The Turkish cabinet is expected to impose sanctions on the Netherlands.
President Tayyip Erdogan, who is seeking support from Turks in a referendum on boosting his powers, has accused the Dutch government of acting like "Nazi remnants" and said it should face sanctions for barring his ministers from addressing expatriate Turks.
The row marks another low point in relations between Turkey and Europe, further dimming Ankara's prospects of joining the bloc. It also comes as Turkey is caught up by security concerns over militant attacks and the war in neighboring Syria.
Apart from any economic measures, a source in Ankara said sanctions could affect cultural activities, and military and technological cooperation.
Turkey summoned the Dutch charge d'affaires on Monday to complain about the ban - imposed due to fears of unrest and distaste at what the Netherlands sees as an increasingly authoritarian tone from Erdogan - and the actions of Rotterdam police against Turkish protesters over the weekend, foreign ministry sources said.
On Sunday, Dutch police used dogs and water cannon to disperse hundreds of protesters waving Turkish flags outside the consulate in Rotterdam. Some protesters threw bottles and stones and several demonstrators were beaten by police with batons, a Reuters witness said. Mounted police officers charged the crowd.
"The Turkish community and our citizens were subject to bad treatment, with inhumane and humiliating methods used in disproportionate intervention against people exercising their right to peaceful assembly," a statement attributed to ministry sources said.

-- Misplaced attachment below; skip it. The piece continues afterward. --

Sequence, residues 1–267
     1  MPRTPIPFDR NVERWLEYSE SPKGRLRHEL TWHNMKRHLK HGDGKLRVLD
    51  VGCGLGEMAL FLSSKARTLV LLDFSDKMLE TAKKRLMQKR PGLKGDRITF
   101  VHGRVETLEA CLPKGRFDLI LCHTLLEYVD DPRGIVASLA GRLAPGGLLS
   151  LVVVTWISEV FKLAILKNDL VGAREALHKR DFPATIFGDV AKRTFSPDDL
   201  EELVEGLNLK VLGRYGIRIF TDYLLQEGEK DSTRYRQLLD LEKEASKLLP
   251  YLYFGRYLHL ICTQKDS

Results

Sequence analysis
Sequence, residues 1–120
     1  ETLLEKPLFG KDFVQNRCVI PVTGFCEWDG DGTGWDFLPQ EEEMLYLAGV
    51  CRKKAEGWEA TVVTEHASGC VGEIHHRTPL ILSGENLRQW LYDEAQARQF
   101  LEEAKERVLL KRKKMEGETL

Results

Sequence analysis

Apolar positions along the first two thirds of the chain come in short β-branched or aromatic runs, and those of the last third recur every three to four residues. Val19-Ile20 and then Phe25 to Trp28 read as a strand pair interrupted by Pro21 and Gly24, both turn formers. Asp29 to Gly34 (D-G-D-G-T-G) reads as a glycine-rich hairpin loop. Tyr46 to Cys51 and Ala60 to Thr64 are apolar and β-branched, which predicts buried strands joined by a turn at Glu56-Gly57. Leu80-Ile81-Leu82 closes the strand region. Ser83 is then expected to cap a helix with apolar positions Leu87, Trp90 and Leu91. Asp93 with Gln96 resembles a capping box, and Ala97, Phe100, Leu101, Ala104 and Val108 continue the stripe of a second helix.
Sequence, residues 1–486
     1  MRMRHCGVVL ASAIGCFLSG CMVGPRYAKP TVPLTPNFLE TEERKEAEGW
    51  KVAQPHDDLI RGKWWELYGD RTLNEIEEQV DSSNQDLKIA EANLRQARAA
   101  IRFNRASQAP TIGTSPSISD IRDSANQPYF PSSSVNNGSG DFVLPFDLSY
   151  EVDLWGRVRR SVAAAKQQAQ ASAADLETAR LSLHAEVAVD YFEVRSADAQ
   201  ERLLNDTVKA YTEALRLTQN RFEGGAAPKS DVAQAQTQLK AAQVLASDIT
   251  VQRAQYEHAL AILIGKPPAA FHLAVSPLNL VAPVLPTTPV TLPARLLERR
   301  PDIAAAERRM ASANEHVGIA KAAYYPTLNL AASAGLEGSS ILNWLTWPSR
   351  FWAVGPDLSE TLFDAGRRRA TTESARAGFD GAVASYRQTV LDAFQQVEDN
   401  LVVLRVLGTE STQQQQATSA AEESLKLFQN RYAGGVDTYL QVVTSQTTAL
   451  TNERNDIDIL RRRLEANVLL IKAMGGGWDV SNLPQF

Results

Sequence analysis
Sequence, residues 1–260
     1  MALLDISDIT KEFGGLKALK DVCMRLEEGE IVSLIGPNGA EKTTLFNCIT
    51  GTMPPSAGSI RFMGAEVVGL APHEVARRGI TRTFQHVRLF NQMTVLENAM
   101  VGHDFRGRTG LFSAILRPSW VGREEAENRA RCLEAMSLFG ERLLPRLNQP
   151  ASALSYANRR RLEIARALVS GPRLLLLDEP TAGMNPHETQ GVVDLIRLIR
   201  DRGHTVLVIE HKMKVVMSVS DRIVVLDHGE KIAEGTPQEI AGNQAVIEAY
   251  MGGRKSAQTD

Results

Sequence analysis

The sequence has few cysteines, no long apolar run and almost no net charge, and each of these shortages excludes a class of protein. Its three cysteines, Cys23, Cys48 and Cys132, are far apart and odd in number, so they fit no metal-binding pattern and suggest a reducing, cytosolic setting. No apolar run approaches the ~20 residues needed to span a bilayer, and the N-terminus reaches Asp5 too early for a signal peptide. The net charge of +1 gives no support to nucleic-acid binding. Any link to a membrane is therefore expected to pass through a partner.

The Dutch government barred Turkish Foreign Minister Mevlut Cavusoglu from flying to Rotterdam on Saturday and later stopped Family Minister Fatma Betul Sayan Kaya from entering the Turkish consulate there, before escorting her back to Germany.
Protests then erupted in Turkey and the Netherlands. Several European countries, including Holland, have stopped Turkish politicians holding rallies, due to fears that tensions in Turkey might spill over into their expatriate communities.
Some 400,000 Turkish citizens live in the Netherlands and an estimated 1.5 million Turks live in Germany.
The Dutch government said the visits were undesirable and it would not cooperate in their campaigning. According to polls, it is set to lose about half its seats in elections this week as the anti-Islam party of Geert Wilders makes strong gains.
Monday was the third time the Dutch envoy had been called in since Saturday over the row. The Dutch ambassador is on leave and the Turkish foreign ministry says it does not want him back "for some time".
Dutch direct investment in Turkey amounts to $22 billion, making the Netherlands the biggest source of foreign investment with a share of 16 percent.
Ozgur Altug, chief economist at BGC Partners in Istanbul, said at this stage he did not foresee the row having serious short-term economic consequences.
"However, if the tension escalates and if countries start imposing sanctions against each other, it might have serious implications for the Turkish economy," he said.